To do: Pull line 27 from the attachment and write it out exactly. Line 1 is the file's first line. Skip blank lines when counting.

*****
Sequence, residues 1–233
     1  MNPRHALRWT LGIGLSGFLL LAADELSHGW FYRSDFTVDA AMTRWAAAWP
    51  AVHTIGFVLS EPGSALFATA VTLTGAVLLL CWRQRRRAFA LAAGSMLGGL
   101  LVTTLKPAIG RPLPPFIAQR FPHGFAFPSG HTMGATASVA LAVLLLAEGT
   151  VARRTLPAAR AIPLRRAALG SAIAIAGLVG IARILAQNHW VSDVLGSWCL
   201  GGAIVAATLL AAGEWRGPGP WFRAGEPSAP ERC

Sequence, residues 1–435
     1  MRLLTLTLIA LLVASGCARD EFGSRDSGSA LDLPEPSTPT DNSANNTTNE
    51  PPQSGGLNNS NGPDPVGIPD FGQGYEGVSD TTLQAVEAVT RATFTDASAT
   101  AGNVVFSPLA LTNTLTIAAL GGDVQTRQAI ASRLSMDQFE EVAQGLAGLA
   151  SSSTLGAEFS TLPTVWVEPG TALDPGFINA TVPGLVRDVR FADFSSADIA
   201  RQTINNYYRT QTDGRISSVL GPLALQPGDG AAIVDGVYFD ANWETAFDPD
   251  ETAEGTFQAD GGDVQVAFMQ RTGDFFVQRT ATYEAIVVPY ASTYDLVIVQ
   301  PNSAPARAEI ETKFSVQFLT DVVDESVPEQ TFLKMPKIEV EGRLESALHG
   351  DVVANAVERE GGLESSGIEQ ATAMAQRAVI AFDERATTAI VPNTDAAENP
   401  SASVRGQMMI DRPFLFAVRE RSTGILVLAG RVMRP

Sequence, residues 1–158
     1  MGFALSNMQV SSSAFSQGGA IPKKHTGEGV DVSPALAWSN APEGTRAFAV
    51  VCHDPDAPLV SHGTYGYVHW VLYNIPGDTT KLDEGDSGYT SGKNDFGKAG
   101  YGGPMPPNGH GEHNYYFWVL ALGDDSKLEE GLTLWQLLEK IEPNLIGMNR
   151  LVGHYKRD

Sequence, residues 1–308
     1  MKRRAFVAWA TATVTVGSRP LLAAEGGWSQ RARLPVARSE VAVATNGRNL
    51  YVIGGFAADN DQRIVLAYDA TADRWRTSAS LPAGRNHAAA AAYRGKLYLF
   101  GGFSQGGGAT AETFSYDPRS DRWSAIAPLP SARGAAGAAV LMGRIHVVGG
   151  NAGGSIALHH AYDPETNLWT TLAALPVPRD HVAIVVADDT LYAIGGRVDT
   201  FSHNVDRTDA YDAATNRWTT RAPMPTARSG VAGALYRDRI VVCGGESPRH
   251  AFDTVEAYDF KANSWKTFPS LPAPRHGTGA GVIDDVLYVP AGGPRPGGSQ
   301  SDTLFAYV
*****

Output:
   201  FSHNVDRTDA YDAATNRWTT RAPMPTARSG VAGALYRDRI VVCGGESPRH